Page last updated at 17:20 GMT, Tuesday, 16 December 2008

Quick guide: Sri Lanka

Sri Lanka is located about 31km (18.5 miles) off the southern coast of India. For much of the last 20 years it has suffered fighting between the armed forces of the predominantly Sinhalese government and Tamil Tiger rebels who want an independent homeland in the north and east.

Sri Lanka is a multi-ethnic country, with a population of 18m people. It is an ancient centre of Buddhism. It also has a significant number of Hindus, Christians and Muslims and smaller communities such as the Burghers and the Veddas.

The civil war has killed about 70,000 people, displaced hundreds of thousands and held back the island's growth and economic development.

Quick guides are concise explanations of topics or issues in the news.

The origins of the current violence go back to the island's independence from Britain in 1948.

Although the years immediately following the end of colonial rule were largely peaceful, from the outset there were tensions between the majority Sinhalese community - who are mostly Buddhist - and the Tamil community who are mostly either Hindu or Roman Catholic.

The communities speak different languages - Sinhala and Tamil - and both claim their ancestors were original settlers on the island.

Sri Lanka map

While the island's population has what is arguably the highest per capita standard of living in South Asia, in the years after independence the Tamil community complained of discrimination when it came to getting jobs in the civil service or winning places at universities.

The government argued it was redressing the imbalance from colonial times when Sinhalas accused the British of giving preferential treatment to Tamils.

The run-up to war

Resentment over perceived discrimination was cited by the Tamil Tiger leader, Prabhakaran, as the motivating factor behind his decision to form the Tamil New Tigers militia in 1972. In 1976, this body changed its name to the Liberation Tigers of Tamil Eelam (LTTE) - more commonly known as the Tamil Tigers.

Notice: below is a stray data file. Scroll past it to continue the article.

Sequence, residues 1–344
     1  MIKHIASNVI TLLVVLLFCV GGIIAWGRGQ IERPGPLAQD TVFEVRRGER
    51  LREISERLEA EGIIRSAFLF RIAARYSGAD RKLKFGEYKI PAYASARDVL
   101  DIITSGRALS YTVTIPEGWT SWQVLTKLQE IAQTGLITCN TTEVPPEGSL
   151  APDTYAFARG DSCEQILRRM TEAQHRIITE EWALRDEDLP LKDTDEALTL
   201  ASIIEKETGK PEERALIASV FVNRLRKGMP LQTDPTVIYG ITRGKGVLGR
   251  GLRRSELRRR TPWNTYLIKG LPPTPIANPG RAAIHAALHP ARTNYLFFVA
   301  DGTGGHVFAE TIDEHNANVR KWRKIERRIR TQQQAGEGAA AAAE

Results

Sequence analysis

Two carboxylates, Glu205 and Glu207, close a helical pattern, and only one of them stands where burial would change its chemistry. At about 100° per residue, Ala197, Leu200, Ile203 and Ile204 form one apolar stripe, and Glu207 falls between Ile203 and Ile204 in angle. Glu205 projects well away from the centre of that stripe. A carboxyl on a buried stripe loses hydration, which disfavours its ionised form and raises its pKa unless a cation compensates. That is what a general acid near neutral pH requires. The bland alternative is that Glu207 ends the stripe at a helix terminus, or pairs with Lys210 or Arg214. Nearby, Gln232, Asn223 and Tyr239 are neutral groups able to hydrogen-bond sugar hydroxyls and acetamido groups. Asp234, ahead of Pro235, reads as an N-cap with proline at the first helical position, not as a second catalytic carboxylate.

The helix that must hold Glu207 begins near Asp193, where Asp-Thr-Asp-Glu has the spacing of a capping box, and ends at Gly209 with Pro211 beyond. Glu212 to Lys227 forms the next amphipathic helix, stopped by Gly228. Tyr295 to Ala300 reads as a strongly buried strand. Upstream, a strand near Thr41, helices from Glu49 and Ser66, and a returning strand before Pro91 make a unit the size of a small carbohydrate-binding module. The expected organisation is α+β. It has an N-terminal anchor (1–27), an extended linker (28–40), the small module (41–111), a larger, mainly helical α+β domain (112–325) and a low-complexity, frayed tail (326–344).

The cause of "Eelam" - a Tamil homeland in the north and east - has been invoked to justify countless suicide bombings by the Tigers on civilian and military targets.

One of the first such attacks was ordered by Prabhakaran in 1983, when the Tamil Tigers attacked an army patrol in the north of the country.

That in turn led to anti-Tamil riots in which an estimated 600 people were killed and thousands displaced.

Pattern emerges

From that moment onwards, it can be argued that the Sri Lankan conflict followed a pattern.

Throughout the 1980s, 1990s and for parts of this decade, the country has witnessed a combination of Tamil Tiger suicide attacks on the one hand and repeated military skirmishes in the north and east on the other.

The violence over this time has been interspersed by various international efforts to negotiate a peace settlement.

The country was dealt a further blow when the 2004 Asian Tsunami killed more than 30,000 people.

But the conflict escalated sharply when in 2008 the government formally pulled out of a ceasefire brokered by Norway six years earlier. Fighting had been going on despite the truce and each side accused the other of breaching the ceasefire.

Both the military and the Tamil Tigers have been frequently accused of gross violations of human rights by international rights groups.

Civilians have been routinely murdered and the situation has also been complicated by the existence of shadowy paramilitary groups.

Can either side secure a military triumph?

Most of Sri Lanka is now under government control after advances in the east in 2007. This was helped by the earlier defection of a group of rebels led by the LTTE's former eastern commander Colonel Karuna.

The government has said it is poised to capture Kilinochchi, the rebels' de facto capital in the north.

But analysts say the fall of Kilinochchi will not necessarily mean the end of the conflict. The rebels have ceded territory in the past only to win it back later. They have also shown their ability to fight a tenacious guerrilla war. Many expect an increase in suicide bombings.

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Unless common ground can be found between the government's oft-stated position that it is only prepared to allow more autonomy for the north and east and the Tiger's desire for full-scale independence for these areas, a lasting solution to this most intractable of disputes looks as far away as ever.

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